BY KATIE JANSEN, The Herald-Sun, Durham, N.C.February 13, 2015
RALEIGH – Some 5,500 people including national Muslim leaders answered the daily call for prayer Thursday and participated in a funeral prayer for the three Muslim students shot and killed in Chapel Hill Tuesday.

Friends chanted prayers while carrying the three caskets that held the bodies of 23-year-old Deah Shaddy Barakat, 21-year-old Yusor Abu-Salha and 19-year-old Razan Abu-Salha.
The funeral crowd was so large it had to be moved from a mosque to an athletic field at N.C. State University in Raleigh, where all three victims studied before Barakat moved with his wife, Yusor Abu-Salha, to Chapel Hill to enroll at the University of North Carolina School of Dentistry. Yusor Abu-Salha was to have joined him in the UNC dentistry school in the fall. She graduated from N.C. State in December.
Razan Abu-Salha was a student at NCSU at the time of the slayings. She lived in Raleigh and was visiting her relatives at the time of the slayings.
Nouman Ali Khan, a member of the Islamic Association of Raleigh, spoke to those gathered about the victims and the importance of their faith.
“We are proud of them that they are Muslim,” he said. “We are proud that they’ve been reunited with their creator.”
He said that their impact on the world, such as their love of helping others and feeding the poor, all stemmed from the basic teachings of Islam.
The thousands present answered one of the five daily calls to prayer, removing their shoes and bowing their heads to the ground.
“We take a spiritual timeout wherever we are — the university, the shopping mall,” Ali Khan said. “And that is what you are about to witness.”
Many of the Muslim leaders present spoke about continuing the three students’ legacy.
“They left this world but they brought us together,” Naeem Baig, president of the Islamic Circle of North America, said. “It is a sign of hope, not just for the Muslim American community, but for all of America, that there is love and hope and unity.”
Others focused not only on personal messages left in the wake of the tragedy, but political ones, as well.
“It is time to change the tone when talking about Islam and Muslims in America,” said Osama Abu Irshaid, national board member of American Muslims for Palestine. “We demand to be treated no less than any other American.”
Others in the Muslim community expressed similar concerns.
“The majority of the Muslim community has some fear that this was a hate-related crime,” said Khalilah Sabra, executive director of the Muslim American Society Immigrant Justice Center.
She said that in the past, slaying suspect Craig Hicks had spoken to his young newlywed neighbors — always with a gun in his belt.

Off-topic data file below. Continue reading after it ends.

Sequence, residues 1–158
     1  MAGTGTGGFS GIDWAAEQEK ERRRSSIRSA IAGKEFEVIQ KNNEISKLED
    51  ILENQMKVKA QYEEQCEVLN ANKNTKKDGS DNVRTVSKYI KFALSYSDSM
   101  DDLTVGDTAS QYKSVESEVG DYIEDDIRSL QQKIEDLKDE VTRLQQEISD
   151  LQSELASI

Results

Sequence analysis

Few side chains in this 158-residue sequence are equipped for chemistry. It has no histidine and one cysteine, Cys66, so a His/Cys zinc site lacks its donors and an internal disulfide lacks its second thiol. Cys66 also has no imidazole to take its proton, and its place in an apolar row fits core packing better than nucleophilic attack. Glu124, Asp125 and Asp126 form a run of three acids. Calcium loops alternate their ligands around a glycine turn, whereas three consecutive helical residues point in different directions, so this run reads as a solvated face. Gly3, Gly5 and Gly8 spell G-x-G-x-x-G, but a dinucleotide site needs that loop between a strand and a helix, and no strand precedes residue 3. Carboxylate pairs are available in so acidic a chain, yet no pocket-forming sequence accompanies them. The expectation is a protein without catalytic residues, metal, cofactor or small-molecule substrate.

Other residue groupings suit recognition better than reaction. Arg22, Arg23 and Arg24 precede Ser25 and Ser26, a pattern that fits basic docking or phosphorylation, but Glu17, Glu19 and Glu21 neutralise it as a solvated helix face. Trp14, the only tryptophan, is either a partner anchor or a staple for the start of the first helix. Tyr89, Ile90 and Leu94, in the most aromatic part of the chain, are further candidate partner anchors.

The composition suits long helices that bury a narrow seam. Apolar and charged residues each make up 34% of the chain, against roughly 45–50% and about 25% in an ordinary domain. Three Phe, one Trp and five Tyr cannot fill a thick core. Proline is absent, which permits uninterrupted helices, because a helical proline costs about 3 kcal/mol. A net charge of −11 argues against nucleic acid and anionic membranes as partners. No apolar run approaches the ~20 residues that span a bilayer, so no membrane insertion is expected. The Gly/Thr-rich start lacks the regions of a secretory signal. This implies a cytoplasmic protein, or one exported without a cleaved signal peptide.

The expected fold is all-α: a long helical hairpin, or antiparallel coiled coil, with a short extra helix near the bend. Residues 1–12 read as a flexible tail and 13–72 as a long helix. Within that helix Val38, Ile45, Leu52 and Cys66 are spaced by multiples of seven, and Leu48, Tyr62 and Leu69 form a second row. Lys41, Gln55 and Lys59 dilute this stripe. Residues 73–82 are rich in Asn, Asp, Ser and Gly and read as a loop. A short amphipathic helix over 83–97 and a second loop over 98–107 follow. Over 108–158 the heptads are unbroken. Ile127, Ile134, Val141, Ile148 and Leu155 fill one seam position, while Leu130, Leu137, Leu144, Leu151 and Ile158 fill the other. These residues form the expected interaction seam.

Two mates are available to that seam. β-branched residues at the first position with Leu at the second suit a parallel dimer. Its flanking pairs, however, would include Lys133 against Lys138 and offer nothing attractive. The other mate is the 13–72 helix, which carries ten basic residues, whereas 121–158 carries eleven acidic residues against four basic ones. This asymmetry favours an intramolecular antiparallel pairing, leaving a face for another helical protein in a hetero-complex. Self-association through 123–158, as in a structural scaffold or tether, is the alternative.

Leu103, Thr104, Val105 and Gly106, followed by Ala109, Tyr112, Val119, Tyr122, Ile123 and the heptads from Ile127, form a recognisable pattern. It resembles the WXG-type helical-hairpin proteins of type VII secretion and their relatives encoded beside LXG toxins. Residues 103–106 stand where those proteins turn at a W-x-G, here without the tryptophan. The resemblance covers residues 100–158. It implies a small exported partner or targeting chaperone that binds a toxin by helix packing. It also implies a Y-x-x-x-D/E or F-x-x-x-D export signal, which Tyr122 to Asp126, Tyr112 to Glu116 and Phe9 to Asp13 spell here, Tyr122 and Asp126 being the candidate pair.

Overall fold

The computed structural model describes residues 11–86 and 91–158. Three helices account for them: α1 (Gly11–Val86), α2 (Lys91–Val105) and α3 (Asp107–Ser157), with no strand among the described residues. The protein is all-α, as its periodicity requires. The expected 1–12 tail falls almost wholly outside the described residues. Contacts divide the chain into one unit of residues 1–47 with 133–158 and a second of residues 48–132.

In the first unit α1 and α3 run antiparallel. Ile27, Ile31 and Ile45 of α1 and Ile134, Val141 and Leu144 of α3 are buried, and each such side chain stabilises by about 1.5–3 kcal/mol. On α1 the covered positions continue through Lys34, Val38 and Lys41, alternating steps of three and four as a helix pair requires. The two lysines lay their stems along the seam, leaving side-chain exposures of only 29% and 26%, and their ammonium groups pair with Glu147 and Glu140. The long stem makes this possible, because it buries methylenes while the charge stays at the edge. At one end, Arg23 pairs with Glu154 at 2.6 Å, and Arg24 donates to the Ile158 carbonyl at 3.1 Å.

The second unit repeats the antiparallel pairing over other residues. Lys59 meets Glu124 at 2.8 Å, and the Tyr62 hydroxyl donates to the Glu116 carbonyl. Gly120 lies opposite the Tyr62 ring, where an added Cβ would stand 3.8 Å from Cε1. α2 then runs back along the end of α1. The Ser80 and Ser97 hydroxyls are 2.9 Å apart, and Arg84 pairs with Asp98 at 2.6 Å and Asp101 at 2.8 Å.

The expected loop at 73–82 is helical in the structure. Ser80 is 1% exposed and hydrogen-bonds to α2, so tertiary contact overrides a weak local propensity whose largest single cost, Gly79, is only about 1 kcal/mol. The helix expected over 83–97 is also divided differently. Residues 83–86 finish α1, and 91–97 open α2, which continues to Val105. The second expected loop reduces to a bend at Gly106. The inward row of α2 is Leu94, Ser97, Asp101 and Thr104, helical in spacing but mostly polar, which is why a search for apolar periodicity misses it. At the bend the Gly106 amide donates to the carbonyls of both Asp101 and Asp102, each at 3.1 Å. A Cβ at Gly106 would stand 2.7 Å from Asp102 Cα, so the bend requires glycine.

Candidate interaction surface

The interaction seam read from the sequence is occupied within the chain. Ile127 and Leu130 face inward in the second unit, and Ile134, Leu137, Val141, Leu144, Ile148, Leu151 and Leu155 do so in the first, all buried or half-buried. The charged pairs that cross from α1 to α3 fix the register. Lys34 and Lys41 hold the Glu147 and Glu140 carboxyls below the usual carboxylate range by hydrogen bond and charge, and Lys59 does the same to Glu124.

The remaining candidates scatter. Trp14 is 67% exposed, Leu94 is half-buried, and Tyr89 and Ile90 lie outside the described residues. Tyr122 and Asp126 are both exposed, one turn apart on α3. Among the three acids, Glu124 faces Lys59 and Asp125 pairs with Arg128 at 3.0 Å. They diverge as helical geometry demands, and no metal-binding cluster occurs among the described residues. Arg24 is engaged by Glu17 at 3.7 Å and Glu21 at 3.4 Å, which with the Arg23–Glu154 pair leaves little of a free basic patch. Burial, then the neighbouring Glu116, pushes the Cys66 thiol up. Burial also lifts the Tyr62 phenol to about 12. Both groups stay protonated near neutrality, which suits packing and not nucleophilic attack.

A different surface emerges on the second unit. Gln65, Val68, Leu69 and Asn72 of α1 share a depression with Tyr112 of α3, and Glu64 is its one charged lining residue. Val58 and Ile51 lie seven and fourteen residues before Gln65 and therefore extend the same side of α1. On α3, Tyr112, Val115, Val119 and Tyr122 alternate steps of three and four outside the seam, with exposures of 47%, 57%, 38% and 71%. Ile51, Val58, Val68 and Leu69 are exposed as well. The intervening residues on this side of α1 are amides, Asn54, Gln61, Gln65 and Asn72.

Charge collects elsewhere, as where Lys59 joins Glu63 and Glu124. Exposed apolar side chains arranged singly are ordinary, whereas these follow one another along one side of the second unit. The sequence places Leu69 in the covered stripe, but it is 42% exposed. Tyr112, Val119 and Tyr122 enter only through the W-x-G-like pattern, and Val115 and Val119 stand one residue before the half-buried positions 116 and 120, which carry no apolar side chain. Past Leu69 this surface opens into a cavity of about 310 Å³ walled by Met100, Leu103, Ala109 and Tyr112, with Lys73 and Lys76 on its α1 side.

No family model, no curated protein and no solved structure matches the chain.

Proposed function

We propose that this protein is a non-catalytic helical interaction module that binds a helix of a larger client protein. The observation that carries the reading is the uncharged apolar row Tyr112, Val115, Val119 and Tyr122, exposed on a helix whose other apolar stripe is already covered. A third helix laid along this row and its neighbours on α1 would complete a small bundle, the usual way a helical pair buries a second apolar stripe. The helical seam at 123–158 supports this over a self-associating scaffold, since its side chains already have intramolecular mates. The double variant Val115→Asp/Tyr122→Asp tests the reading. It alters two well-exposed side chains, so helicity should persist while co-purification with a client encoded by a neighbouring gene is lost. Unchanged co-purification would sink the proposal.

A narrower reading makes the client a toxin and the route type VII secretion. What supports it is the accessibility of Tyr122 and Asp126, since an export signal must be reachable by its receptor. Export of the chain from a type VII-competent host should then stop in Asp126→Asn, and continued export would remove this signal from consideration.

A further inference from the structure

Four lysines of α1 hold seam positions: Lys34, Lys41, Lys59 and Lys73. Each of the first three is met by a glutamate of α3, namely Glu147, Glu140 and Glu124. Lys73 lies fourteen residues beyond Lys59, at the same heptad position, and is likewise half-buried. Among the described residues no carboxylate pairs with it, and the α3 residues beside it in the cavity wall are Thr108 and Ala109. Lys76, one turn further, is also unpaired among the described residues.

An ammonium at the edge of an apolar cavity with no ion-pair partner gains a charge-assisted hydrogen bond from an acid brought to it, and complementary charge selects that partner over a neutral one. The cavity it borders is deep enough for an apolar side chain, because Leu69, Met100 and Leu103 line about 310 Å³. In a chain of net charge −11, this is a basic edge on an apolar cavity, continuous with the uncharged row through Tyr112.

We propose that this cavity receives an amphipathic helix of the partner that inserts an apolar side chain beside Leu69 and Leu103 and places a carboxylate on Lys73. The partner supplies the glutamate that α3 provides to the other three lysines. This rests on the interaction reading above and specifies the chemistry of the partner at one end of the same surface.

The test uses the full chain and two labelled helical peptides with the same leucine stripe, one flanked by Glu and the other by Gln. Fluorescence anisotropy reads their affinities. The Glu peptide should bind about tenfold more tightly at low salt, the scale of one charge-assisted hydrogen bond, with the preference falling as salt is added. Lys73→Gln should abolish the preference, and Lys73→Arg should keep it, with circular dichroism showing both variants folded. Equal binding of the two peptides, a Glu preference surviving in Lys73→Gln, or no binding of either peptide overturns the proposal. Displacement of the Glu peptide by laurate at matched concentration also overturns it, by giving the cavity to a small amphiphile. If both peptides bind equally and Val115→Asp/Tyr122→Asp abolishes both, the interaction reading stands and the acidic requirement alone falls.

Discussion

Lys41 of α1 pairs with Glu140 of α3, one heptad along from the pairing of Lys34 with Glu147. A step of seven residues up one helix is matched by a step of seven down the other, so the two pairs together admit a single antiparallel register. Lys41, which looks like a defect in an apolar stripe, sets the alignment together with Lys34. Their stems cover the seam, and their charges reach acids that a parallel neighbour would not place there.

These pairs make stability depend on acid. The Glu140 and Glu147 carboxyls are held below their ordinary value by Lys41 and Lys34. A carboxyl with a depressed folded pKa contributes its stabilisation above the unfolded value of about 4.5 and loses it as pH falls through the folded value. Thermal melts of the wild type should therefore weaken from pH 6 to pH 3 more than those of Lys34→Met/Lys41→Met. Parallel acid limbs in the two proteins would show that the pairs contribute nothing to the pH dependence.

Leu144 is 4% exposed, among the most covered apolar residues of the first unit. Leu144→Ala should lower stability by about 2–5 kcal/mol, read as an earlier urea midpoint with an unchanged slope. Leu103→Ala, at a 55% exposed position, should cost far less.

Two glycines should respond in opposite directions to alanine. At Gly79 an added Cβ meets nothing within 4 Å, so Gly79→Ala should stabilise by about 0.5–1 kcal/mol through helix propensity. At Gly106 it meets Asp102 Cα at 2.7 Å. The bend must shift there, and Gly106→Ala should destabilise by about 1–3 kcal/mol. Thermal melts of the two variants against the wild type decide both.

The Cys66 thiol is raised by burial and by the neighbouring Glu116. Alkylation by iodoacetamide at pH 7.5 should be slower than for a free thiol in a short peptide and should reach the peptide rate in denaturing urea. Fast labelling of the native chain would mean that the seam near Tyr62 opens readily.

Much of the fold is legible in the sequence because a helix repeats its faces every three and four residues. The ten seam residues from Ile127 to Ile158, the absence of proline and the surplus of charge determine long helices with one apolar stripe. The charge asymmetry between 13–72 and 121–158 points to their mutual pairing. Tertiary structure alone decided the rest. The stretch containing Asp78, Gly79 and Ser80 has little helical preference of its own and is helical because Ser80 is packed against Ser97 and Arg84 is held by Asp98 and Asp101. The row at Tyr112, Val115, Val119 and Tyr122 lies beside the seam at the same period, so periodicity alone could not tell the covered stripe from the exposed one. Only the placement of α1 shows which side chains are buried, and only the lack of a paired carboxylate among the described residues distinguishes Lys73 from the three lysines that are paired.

Yusor Abu-Salha spoke to her father about Hicks, but never reported Hicks to the authorities.
“He was picking on them, not just about parking,” Sabra said. “These kinds of acts of intimidation are becoming more normal.”
Sabra has lived in North Carolina since just before 9/11. She said although she thought the climate for Muslims was improving for a while, it has worsened after media reports of the Charlie Hebdo slayings in Paris and ISIS attacks.
She said she hopes that police, along with the State Bureau of Investigation, will continue to investigate until some clarity is shown in the case.
“I don’t believe that the parents of the victims will have any sense of closure until that occurs,” Sabra said. “They won’t be able to rest until justice is served.”
Mohammad Abu-Salha, the father of Yusor and Razan, led Thursday’s janazah, or funeral, prayer.
Before praying for his lost daughters, Mohammad Abu-Salha spoke to the crowd of supporters.
“This has hate crime written all over it, and I’m not going to sit down,” Mohammad Abu-Salha said. “If they don’t listen carefully, I will yell … it was not about a parking spot.”
Authorities involved in the investigation were also present and acknowledged the crowd’s concerns.
U.S. Attorney Thomas Walker said that he and fellow U.S. Attorney Ripley Rand were “here to show our solidarity for this community in their time of pain.”
Chapel Hill police chief Chris Blue said investigators would continue to examine every angle of the case, including the potential of a hate crime.
Mohammad Abu-Salha recognized the authorities’ presence, saying, “I thank every officer who stands here and supports us and takes care of us.”
However, he also called on President Barack Obama and the FBI to join the investigation.
“We don’t care about revenge; we don’t care about punishment,” Abu-Salha said. “It’s all about protecting other children from the same fate. It’s about making this country that they loved — where they lived and died — a safe and peaceful place for everyone.”
At the conclusion of the services at N.C. State, hearses carried the three coffins, in gray, white and silver, to an Islamic cemetery in Wendell.
EDITOR’S NOTE — The FBI announced Thursday that it has “opened a parallel preliminary inquiry to determine whether any federal laws were violated” in the slayings … Rand, the district’s top federal prosecutor, had said Wednesday that there was no immediate evidence Muslims were being targeted.
-The Associated Press contributed to this report.
Article Courtesy: The State

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